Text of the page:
The town was christened San Francisco de la Selva de Copiapó or Saint Francis of the Jungle of Copiapó, due to its lush vegetation. Prior to Spanish occupation, the area was inhabited by the Diaguita people under the rule of the Inca Empire. The earliest archaeological remains of human activity in the Copiapó Valley have been dated at ten thousand years BP.
Copiapó was, until the annexation of Antofagasta and Iquique during the War of the Pacific (1879–1883), Chile's northernmost city and main mining city.
On 5 August 2010, a copper/gold mine collapsed, leaving 33 miners trapped underground. The miners survived underground for 69 days until their rescue on 13 October 2010, a record period of time.
According to the 2002 census of the National Statistics Institute, Copiapó had 129,091 inhabitants (64,922 men and 64,169 women). Of these, 125,983 (97.6%) lived in urban areas and 3,108 (2.4%) in rural areas. The population grew by 27.9% (28,184 persons) between the 1992 and 2002 censuses.
According to the same census, the religious affiliation in Copiapó, is the following:75.97% Roman Catholicism
1.29% The Church of Jesus Christ of Latter-day Saints
1.25% Jehovah's Witnesses
0.02% Greek Orthodoxy
7.10% None, atheism or agnosticism.
Copiapó has a desert climate (Köppen: BWk) with mild temperatures year round. Winters are mild with warm temperatures during the day, with a July maximum of 19.3 °C (66.7 °F) and cool temperatures during the night, averaging 7 °C (44.6 °F). Temperatures rarely fall below freezing. Most of the precipitation falls during this time of the year with June and July being the wettest months. While winters are normally dry, precipitation is highly variable. This was the case when June 1998 recorded 68 millimetres (3 in) of precipitation but generally, in most years, precipitation is rare. Summers are warm with a January average of 22.2 °C (72.0 °F) and precipitation is virtually non-existent. Temperatures can occasionally exceed 30 °C (86.0 °F) anytime of the year. The average annual precipitation is 18.8 millimetres (1 in) though this is highly variable with some years recording no precipitation such as in 1970, 1978, 1990, 1992-1993 and in 1998 and other years where precipitation is recorded. There are 3.2 days with measureable precipitation. The record high was 34.0 °C (93.2 °F) in August 1972 and the record low was −2.0 °C (28.4 °F) in June 1975.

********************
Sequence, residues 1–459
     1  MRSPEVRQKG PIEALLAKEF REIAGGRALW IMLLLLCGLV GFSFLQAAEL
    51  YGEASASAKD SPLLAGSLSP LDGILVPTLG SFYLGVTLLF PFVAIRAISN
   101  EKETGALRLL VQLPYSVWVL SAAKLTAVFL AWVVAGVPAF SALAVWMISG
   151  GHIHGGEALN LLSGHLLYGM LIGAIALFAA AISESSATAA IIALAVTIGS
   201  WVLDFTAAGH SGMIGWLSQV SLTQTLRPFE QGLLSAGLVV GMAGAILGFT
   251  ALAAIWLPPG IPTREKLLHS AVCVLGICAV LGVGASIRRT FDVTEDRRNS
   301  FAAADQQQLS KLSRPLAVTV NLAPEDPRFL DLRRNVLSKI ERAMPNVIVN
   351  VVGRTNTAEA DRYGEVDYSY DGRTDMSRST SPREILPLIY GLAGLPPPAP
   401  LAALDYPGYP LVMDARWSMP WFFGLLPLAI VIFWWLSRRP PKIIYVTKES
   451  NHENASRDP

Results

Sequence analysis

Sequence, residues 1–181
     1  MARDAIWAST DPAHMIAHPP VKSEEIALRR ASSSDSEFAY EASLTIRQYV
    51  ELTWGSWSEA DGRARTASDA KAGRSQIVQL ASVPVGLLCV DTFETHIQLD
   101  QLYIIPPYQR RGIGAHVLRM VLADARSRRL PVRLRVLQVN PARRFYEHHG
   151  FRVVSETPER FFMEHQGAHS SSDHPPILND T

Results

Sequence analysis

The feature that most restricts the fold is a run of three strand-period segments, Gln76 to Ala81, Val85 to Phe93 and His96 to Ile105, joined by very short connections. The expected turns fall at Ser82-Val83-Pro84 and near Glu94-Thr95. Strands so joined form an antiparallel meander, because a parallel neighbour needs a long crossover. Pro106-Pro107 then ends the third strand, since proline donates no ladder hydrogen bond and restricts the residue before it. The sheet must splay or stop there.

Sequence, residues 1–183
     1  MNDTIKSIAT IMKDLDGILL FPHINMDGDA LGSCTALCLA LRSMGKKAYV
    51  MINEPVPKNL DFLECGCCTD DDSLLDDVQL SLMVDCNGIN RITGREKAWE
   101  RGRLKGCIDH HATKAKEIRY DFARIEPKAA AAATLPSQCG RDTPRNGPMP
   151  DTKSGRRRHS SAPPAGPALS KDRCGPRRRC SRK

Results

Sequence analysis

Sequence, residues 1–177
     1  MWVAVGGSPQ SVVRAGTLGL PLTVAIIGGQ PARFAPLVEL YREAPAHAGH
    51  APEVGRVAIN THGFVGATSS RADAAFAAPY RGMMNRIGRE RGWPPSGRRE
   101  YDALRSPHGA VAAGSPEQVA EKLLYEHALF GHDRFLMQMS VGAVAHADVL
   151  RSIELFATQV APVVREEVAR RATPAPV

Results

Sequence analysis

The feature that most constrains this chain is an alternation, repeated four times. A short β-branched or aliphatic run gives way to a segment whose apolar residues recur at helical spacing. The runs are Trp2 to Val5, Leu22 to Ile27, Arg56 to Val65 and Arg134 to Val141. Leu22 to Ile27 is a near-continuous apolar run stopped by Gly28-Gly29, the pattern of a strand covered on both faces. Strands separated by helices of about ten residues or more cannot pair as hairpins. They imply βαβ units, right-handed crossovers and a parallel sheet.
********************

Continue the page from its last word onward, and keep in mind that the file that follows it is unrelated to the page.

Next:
Copiapó has a diversified and potential economy, but mining is the largest economic activity.
The Copiapó Basin has a great deal of copper ore, mined by companies such as Minera Candelaria, which extracts copper near Tierra Amarilla, a neighboring commune. This generates a need for transportation, light industry, and services. "Small mining" represents over 30% of the production. The copper obtained by pirquineros (miners) goes to the copper smelter at Paipote.
Agriculture is the second largest source of income in this area. It consists largely of grape production, with olives, tomatoes, avocados and some citrus fruits also playing a part.
Industry: Copiapó has mainly light industry, and some medium industry such as the INACESA plant and Paipote copper refinery.
Energy: Many important solar plants were built in the Atacama Region, benefiting from the high and constant solar radiation along the year. Solar photovoltaic energy production reached for 2016 to more than 400 MW connected to the Central-North grid.